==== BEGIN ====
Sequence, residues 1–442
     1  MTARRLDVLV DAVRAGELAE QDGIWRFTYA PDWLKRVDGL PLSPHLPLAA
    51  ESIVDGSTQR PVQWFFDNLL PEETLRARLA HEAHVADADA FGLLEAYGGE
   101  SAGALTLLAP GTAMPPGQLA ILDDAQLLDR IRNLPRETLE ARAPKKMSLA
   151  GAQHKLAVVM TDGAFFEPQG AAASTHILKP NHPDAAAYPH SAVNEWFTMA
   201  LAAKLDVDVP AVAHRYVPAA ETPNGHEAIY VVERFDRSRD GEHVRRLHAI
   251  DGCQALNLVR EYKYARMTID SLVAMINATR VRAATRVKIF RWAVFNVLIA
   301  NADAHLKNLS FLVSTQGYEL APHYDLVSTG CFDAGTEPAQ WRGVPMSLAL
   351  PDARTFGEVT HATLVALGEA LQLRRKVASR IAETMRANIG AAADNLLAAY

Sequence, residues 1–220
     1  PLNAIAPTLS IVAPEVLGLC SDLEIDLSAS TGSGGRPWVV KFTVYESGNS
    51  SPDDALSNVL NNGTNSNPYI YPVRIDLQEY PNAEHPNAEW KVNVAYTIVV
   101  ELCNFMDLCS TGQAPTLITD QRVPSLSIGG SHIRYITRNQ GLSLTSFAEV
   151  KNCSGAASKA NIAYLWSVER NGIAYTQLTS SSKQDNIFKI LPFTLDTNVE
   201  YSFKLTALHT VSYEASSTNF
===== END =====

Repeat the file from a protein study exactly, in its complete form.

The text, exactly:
Sequence, residues 1–442
     1  MTARRLDVLV DAVRAGELAE QDGIWRFTYA PDWLKRVDGL PLSPHLPLAA
    51  ESIVDGSTQR PVQWFFDNLL PEETLRARLA HEAHVADADA FGLLEAYGGE
   101  SAGALTLLAP GTAMPPGQLA ILDDAQLLDR IRNLPRETLE ARAPKKMSLA
   151  GAQHKLAVVM TDGAFFEPQG AAASTHILKP NHPDAAAYPH SAVNEWFTMA
   201  LAAKLDVDVP AVAHRYVPAA ETPNGHEAIY VVERFDRSRD GEHVRRLHAI
   251  DGCQALNLVR EYKYARMTID SLVAMINATR VRAATRVKIF RWAVFNVLIA
   301  NADAHLKNLS FLVSTQGYEL APHYDLVSTG CFDAGTEPAQ WRGVPMSLAL
   351  PDARTFGEVT HATLVALGEA LQLRRKVASR IAETMRANIG AAADNLLAAY

Sequence, residues 1–220
     1  PLNAIAPTLS IVAPEVLGLC SDLEIDLSAS TGSGGRPWVV KFTVYESGNS
    51  SPDDALSNVL NNGTNSNPYI YPVRIDLQEY PNAEHPNAEW KVNVAYTIVV
   101  ELCNFMDLCS TGQAPTLITD QRVPSLSIGG SHIRYITRNQ GLSLTSFAEV
   151  KNCSGAASKA NIAYLWSVER NGIAYTQLTS SSKQDNIFKI LPFTLDTNVE
   201  YSFKLTALHT VSYEASSTNF